Most matches in England are divided into three categories – loch style from the boat, stillwaters from the bank and rivers. Each discipline is very different and has its own methods, tackle requirements and competition format. To be consistently successful in each discipline it is important to understand the best ways to practice to maximise your chances in the match.
Loch-Style Boat Matches
On the big-water matches location is one of the key factors to being successful. Find the fish and then fine-tune the tactics.
Most loch-style matches are held on the UK’s well-known major fisheries such as Rutland, Chew Valley or the Lake of Menteith. They are normally fished over a single eight-hour period. Anglers fish in pairs, which are drawn randomly, and can fish anywhere on the lake (unless out-of-bounds areas are in place). Most major competitions usually take up the vast majority of the available boats and with most anglers practising the day before, if you intend to practice it is vital to book a boat well in advance!
It may sound obvious but the key to success in boat matches is almost always fish location. In loch style you are not restricted to pegs or beats, so you will have the whole area of the lake or reservoir to fish. This can, of course, create issues because our larger reservoirs, such as Rutland, are too big to cover in a single practice day. For this reason you may wish to practise for more than one day if time and cost do not become too prohibitive. It is also a good idea to share information with others anglers. If possible, structure your practice by splitting the lake into sections so that you cover the whole venue between you. This is particularly useful in team events.
Depth is probably the next critical element of practising for a loch-style event. Because you are likely to be practising with a boat partner, it makes sense to fish different lines at all times. I usually opt to fish a line at least two sink rates either higher or lower than my partner. For example, if my partner is on a floating or intermediate line I will use a Di3. If fish are deeper and my partner is using a Di3 or medium sink I will opt for an ultra-fast-sinking line such as a Di7 or Di8. I feel that is important because there are significant differences in sink rates to cover as much of the water column as possible. Only when we are happy that we have the taking depth should both anglers begin to fish similar lines and experiment with flies and retrieves.
Teams Of Flies
While I do not feel that flies are as important as depth or location, you do need to have a selection that you have confidence in. In most loch-style matches you will be fishing a team of flies. Generally, the fish will show preferences for lures, nymphs or dries. When this is established, I believe that the exact pattern is usually of little importance. If lures are the most successful method it makes sense to fish a bright one such as an Orange Blob or Cat’s Whisker on the dropper and a drab lure in black or olive on the point. If you are drifting over fish and varying the retrieve you should quickly be able to establish the methods that they prefer.
When I am practising for boat matches I like to locate fish and initially spend time working with my partner to establish the best methods to catch them. When you are confident in the methods you can then move around the lake searching for fish with confidence that if you cover some you will get takes.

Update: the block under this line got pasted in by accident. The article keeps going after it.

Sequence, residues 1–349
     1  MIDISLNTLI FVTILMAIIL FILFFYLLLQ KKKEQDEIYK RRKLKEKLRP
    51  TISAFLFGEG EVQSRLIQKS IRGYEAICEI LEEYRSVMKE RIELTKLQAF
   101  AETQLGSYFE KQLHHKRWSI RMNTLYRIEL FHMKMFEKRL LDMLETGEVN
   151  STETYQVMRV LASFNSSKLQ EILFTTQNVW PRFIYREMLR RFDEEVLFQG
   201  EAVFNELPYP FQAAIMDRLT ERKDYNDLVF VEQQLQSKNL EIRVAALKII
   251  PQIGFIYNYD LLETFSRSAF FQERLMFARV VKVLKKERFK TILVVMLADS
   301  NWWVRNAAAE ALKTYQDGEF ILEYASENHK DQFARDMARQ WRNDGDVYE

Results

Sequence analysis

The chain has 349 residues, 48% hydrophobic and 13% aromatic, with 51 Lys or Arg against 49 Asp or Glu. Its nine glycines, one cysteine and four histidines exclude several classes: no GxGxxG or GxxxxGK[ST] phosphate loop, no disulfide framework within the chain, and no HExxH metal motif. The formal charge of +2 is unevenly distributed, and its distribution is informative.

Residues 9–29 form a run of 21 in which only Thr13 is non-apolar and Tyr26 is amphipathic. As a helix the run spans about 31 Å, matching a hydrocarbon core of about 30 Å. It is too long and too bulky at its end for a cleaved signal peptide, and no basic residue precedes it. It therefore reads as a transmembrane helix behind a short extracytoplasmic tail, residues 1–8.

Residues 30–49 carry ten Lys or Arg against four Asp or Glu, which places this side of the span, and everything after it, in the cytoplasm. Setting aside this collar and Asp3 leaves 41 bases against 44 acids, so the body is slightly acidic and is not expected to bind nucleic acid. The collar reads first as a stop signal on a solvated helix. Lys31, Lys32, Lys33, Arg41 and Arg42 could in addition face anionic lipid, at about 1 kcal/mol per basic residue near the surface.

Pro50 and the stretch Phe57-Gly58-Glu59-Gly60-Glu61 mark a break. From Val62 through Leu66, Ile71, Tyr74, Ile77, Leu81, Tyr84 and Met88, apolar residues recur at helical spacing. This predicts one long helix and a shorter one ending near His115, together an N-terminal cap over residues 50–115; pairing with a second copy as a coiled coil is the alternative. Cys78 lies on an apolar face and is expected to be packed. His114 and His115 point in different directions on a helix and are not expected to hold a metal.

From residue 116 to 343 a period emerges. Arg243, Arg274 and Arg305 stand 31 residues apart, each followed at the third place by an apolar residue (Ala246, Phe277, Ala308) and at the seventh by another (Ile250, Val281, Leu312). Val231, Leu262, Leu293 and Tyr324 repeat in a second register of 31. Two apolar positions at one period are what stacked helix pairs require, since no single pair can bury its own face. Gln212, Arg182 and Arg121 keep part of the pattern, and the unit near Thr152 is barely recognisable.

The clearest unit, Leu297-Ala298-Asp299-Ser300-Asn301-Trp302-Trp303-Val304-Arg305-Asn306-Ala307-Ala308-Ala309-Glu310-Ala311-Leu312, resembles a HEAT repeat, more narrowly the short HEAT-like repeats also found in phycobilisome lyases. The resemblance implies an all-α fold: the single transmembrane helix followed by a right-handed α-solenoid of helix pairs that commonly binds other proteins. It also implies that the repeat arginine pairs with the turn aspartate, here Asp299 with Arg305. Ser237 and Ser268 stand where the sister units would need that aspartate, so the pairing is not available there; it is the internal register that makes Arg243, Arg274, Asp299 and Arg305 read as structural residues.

Keep Your Eyes Open
When practising it is always a good idea to keep an eye on other boats; they can provide a lot of valuable information. If you are struggling to catch and you notice other anglers catching it is worth taking time to observe their methods, even if they are not in the match. Look for telltale signs such as the colour of fly line. Is it dark or light? What angle is the line entering the water during the retrieve? While you can rarely identify the exact line being used, these observations will allow you to establish if successful anglers are using floating, slow or fast-sinking lines, countdown time and speed of retrieve. It is often worth taking a pair of binoculars to observe other anglers without getting too close!
Practising in pairs allows you to try different lines and flies until you find the method that works. As a guide, Simon likes to fish two line densities different from his partner
Bank matches are certainly growing in popularity, especially in the northeast of England on waters such as Chatton Lakes...
Bank matches have been one of the few growth areas in competition fly fishing, particularly in the north of England where there are many, as well as a popular winter series. Increasingly, we are seeing anglers who specialise in this discipline. Small-water bank matches have also given anglers the opportunity to fish during winter when the reservoirs are closed to boat fishing and the smaller stillwaters are often at their best.
... and these are the best place to start for anyone fancying getting into the competition scene.
Cover The Pegs
One of the key differences between bank and boat matches is that bank matches are almost always pegged. A standard pattern is that you will complete a full lap of the lake and in the process usually fish four pegs in the morning and four in the afternoon. It is also worth noting that competitions are often scored on the number of pegs you catch from, so it is vital that you can catch off as many as possible. Another factor is that catches on each peg are usually limited to five fish in a session, again making it important to catch in as many areas of the lake as possible.